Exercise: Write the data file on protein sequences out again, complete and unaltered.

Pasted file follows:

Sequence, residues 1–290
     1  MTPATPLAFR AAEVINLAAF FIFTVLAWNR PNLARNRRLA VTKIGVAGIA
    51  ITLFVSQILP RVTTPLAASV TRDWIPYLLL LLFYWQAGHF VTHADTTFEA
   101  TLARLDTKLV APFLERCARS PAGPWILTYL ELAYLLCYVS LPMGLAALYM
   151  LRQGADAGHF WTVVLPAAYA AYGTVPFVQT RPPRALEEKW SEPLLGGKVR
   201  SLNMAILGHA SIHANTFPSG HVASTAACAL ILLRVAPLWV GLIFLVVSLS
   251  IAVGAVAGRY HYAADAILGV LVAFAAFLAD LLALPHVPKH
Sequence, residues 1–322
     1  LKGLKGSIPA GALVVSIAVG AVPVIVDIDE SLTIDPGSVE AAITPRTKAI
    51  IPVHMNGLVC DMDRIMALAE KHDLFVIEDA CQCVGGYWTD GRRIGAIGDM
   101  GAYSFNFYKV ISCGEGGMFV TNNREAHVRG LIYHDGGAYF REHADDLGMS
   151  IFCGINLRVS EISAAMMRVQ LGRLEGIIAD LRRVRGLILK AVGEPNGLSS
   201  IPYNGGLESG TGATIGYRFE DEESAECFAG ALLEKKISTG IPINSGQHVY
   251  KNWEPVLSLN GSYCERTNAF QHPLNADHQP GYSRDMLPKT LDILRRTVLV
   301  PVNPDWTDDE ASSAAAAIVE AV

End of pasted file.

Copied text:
Sequence, residues 1–290
     1  MTPATPLAFR AAEVINLAAF FIFTVLAWNR PNLARNRRLA VTKIGVAGIA
    51  ITLFVSQILP RVTTPLAASV TRDWIPYLLL LLFYWQAGHF VTHADTTFEA
   101  TLARLDTKLV APFLERCARS PAGPWILTYL ELAYLLCYVS LPMGLAALYM
   151  LRQGADAGHF WTVVLPAAYA AYGTVPFVQT RPPRALEEKW SEPLLGGKVR
   201  SLNMAILGHA SIHANTFPSG HVASTAACAL ILLRVAPLWV GLIFLVVSLS
   251  IAVGAVAGRY HYAADAILGV LVAFAAFLAD LLALPHVPKH
Sequence, residues 1–322
     1  LKGLKGSIPA GALVVSIAVG AVPVIVDIDE SLTIDPGSVE AAITPRTKAI
    51  IPVHMNGLVC DMDRIMALAE KHDLFVIEDA CQCVGGYWTD GRRIGAIGDM
   101  GAYSFNFYKV ISCGEGGMFV TNNREAHVRG LIYHDGGAYF REHADDLGMS
   151  IFCGINLRVS EISAAMMRVQ LGRLEGIIAD LRRVRGLILK AVGEPNGLSS
   201  IPYNGGLESG TGATIGYRFE DEESAECFAG ALLEKKISTG IPINSGQHVY
   251  KNWEPVLSLN GSYCERTNAF QHPLNADHQP GYSRDMLPKT LDILRRTVLV
   301  PVNPDWTDDE ASSAAAAIVE AV